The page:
Abdelhamid Abaaoud: Paris attacks 'mastermind' never attended mosque, family says

The former Catholic school student was believed to be in Syria - before it emerged he was killed in a major police raid in northern Paris

Abdelhamid Abaaoud, the suspected mastermind behind the Paris attacks, died during a major police raid in a northern suburb of the French capital.

Officials confirmed Abaaoud was the target of the operation that developed into a siege in St Denis on Wednesday, as more details emerged about the man thought to have arranged the shootings which killed 129 people on Friday night.

Now a prominent member of Isis, Abaaoud first travelled to Syria last year - but seemingly not out of any great religious motivation.

"He did not even go to the mosque,” his older sister Yasmina told the New York Times earlier this year.

Like many who travel to the so-called “Islamic State”, his actions appear to have been motivated more by a thirst for power, violence and unaccountability.

Who was Abdelhamid Abaaoud, mastermind of the Paris attacks?

Abaaoud, in his late 20s, was born in Belgium and grew up in the Brussels suburb of Molenbeek, which has become a key focus for investigators in recent days.

He briefly studied at an exclusive Catholic school, before either dropping out or getting expelled and drifting into a life of thievery and drugs.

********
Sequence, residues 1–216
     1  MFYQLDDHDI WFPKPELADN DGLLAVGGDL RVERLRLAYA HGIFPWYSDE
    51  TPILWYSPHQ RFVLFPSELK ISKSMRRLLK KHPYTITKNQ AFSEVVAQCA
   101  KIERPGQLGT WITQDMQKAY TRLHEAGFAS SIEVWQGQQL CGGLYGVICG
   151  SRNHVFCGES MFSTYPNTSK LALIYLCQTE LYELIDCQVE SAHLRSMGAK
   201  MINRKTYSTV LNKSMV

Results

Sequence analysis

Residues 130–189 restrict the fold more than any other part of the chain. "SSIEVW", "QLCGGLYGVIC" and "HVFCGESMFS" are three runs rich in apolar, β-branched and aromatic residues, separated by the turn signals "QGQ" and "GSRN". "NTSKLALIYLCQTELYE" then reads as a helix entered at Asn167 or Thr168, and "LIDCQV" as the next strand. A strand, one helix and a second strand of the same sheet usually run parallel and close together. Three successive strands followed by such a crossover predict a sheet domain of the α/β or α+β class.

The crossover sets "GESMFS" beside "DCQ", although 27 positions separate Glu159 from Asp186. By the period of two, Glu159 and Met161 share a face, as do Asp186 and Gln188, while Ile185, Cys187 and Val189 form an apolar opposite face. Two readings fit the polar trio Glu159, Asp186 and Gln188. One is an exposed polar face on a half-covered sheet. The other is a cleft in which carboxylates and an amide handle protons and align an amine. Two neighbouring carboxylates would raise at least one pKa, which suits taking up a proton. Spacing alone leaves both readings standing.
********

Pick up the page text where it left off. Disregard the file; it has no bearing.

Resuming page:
Abdelhamid Abaaoud boasted of his escape from authorities in Belgium following a failed terrorist attack in an interview published in Isis' propaganda magazine in February

According to his family, the young man showed much more interest in petty crime than Islam, and they were shocked when he took his 13-year-old brother Younes with him to travel to Syria in January 2014.

After he was trained and further radicalised in Syria, Abaaoud was able to return to Europe via Athens. He was picked up by European security services and reportedly even stopped by police but let go, after which he disappeared.

Officials identified the suspected mastermind as Abaaoud, a Belgian of Moroccan origin in his late twenties

In February, he gave an interview to the Islamic State English-language magazine Dabiq which suggested he was in Syria.

In the interview he claimed he had travelled to Belgium to "terrorise the crusaders waging war against the Muslims".

He also claimed a police officer who stopped him had failed to recognise him even after his picture had been sold to the media.

He said: "I was even stopped by an officer who contemplated me so as to compare me to the picture, but he let me go, as he did not see the resemblance!"

Abaaoud claimed he was able to travel “safely” back to Syria when it suited him. He said: “I was able to leave and come to Sham (Syria) despite being chased by so many intelligence agencies.

“All this proves that a Muslim should not fear the bloated image of the crusader intelligence. My name and picture were all over the news yet I was able to stay in their homeland, plan operations against them, and leave safely when doing so became necessary.”

Abaaoud is believed to have had links to previous foiled terror attacks in France, including one on a Paris-bound high-speed train that was thwarted when passengers overpowered a gunman in August. He was thought to have been involved in the attack remotely from Syria – a theory thrown into doubt by this week’s developments.